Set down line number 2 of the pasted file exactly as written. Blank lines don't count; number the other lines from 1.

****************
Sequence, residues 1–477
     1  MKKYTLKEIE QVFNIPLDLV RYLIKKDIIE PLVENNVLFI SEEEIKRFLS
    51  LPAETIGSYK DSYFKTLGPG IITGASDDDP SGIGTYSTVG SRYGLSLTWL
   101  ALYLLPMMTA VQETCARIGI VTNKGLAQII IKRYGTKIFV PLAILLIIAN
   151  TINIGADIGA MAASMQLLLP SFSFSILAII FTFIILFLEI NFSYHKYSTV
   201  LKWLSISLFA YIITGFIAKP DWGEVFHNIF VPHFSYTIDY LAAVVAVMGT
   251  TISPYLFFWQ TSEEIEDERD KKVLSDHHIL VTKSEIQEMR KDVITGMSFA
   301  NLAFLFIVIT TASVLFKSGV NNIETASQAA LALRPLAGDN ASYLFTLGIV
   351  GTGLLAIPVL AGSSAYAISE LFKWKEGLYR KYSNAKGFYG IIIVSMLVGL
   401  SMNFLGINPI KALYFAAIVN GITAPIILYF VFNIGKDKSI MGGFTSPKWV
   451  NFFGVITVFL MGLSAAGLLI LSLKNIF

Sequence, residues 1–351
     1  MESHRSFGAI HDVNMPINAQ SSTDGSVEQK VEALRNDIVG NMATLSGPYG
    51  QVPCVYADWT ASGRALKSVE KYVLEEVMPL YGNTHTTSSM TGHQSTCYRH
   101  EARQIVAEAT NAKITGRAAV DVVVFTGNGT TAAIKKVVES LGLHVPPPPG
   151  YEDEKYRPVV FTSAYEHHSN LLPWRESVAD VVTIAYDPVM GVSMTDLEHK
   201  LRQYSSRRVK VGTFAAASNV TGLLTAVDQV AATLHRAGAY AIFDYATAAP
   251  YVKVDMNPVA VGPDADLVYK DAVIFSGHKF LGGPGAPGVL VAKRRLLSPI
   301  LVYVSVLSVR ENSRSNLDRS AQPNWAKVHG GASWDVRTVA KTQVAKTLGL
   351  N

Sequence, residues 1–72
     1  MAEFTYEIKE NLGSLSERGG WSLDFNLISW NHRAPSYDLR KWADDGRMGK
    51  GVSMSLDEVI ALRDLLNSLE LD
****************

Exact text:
     1  MKKYTLKEIE QVFNIPLDLV RYLIKKDIIE PLVENNVLFI SEEEIKRFLS